One-eyed creatures are one of those phenomena that fit into the rule that sometimes truth really is stranger than fiction. In fact, off the top of my head I can't think of any hoaxes involving fake cyclops, unless you count this old Weekly World News story from 1989:

Categories: Animals
Posted by Alex on Mon Oct 24, 2011
Comments (3)
There's a new hoax-related book out that sounds interesting: The Sons of Clovis: Ern Malley, Adore Floupette and a Secret History of Australian Poetry by David Brooks. From the Sydney Morning Herald review:
At the heart of the book is the famous Australian hoax, the Ern Malley affair, in which two young, still-forming poets, McAuley and Stewart, fabricated the raw, working-class identity Ern Malley, only to have him die tragically young, leaving behind his book of experimental poems, The Darkening Ecliptic (1944).
Equally - and this is where the detective work really kicks in - the book is also about a late- 19th-century literary hoax that produced the wonderfully foppish Adore Floupette, ''poet of the decadent school … with nothing but scorn for the public''. Floupette, whose voice ''could be heard from one end of the cafe to the other'', reciting the ''ternaries that he had composed over dinner: 'I would love to be gaga/With my heart adrift/On the syringa flower.'
'''Gaga!' came from one of the ladies who until then had kept the profoundest silence. 'But my poor dear, you are already.'''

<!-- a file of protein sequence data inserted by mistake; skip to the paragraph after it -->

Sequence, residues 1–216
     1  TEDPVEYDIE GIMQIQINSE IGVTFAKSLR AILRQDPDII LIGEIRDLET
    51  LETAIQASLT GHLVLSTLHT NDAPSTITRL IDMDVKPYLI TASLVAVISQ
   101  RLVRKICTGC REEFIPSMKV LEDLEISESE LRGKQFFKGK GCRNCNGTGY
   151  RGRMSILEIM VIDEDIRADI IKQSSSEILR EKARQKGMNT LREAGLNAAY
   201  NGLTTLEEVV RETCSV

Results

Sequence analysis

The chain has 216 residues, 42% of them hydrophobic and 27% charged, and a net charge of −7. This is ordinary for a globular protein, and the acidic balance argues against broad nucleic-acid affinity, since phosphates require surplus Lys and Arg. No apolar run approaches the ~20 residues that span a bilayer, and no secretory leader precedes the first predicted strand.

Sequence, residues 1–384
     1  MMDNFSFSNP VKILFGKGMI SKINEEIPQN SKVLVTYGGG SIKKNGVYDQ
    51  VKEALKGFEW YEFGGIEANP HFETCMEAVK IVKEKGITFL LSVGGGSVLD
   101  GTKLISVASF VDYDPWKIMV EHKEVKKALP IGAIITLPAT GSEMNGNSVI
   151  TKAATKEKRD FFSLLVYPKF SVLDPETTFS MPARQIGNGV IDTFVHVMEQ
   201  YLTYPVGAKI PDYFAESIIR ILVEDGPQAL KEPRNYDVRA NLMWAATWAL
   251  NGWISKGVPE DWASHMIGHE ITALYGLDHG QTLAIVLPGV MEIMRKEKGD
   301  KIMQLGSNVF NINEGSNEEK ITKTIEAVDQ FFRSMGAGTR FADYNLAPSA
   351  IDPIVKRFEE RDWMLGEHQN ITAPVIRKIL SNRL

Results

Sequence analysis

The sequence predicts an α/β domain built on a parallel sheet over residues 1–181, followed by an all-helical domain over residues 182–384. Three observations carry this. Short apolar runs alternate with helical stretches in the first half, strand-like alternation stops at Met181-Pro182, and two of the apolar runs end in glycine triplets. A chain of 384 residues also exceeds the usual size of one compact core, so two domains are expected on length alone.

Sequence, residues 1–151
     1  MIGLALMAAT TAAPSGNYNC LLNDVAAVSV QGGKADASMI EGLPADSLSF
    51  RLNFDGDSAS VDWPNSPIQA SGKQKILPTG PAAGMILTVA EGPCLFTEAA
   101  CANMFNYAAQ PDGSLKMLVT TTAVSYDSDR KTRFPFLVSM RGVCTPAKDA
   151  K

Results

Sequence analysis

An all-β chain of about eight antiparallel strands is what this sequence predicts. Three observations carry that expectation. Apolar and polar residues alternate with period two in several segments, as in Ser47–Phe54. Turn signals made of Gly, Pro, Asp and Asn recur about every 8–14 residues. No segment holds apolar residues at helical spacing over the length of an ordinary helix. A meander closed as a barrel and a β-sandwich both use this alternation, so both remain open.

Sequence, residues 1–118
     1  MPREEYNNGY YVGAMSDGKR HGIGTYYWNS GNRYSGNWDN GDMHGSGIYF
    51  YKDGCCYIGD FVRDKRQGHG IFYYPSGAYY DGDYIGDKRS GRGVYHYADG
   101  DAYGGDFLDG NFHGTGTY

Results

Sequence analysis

It's Brooks's achievement to compel us into considering the (improbable, possible) links between these two hoaxes.
I'm not sure if it's being published anywhere but Australia, though this won't be an issue if you're willing to pay international shipping.
Categories: Books, Literature/Language
Posted by Alex on Mon Oct 24, 2011
Comments (4)
An article recently appeared in various British newspapers telling the story of one Tom Boddingham who ordered a size 14.5 slipper from Monster Slippers. But due to a translation error, the factory in China that makes the slippers sent a size 1450 slipper instead.

monster slipper

Polly Curtis at the Guardian thought the story smelled a bit fishy. And with the help of some people on Twitter, she soon figured out that "Tom Boddingham" coincidentally looked identical to Joseph Jennings, the online retail manager for Monster Slippers. In other words, the entire story was a PR stunt.

The thing about stories like this, which pop up with amazing regularity, is that the debunker actually can't help but publicize the PR hoaxer even more by repeating the story. Which plays into their hand. For instance, I'm now aware of Monster Slippers, and I never would have been if it weren't for the Guardian article. P.T. Barnum was very aware of this phenomenon. He would sometimes purposefully spread rumors debunking his own hoaxes in order to generate renewed media interest.

So you have to wonder, would it be better simply to ignore these PR stunts, and thereby not give the PR people the publicity they're looking for? It's a bit of a dilemma. Though my feeling is that the debunkers should never be blamed for doing their job. (Thanks, Laurie!)
Categories: Advertising, Products
Posted by Alex on Thu Oct 20, 2011
Comments (5)
Singer Beyonce Knowles announced she was pregnant in August. But video of a recent interview with her on an Australian TV show has led to rumors that she's faking her pregnancy, because as she walked out and sat down for the interview her stomach appeared to bend and fold in a weird way.


The theory is that she's wearing a prosthetic baby bump, while a surrogate mother carries the actual child. This way, Beyonce will avoid the stretch marks and discomfort of pregnancy — and she'll look fit and toned immediately after "giving birth".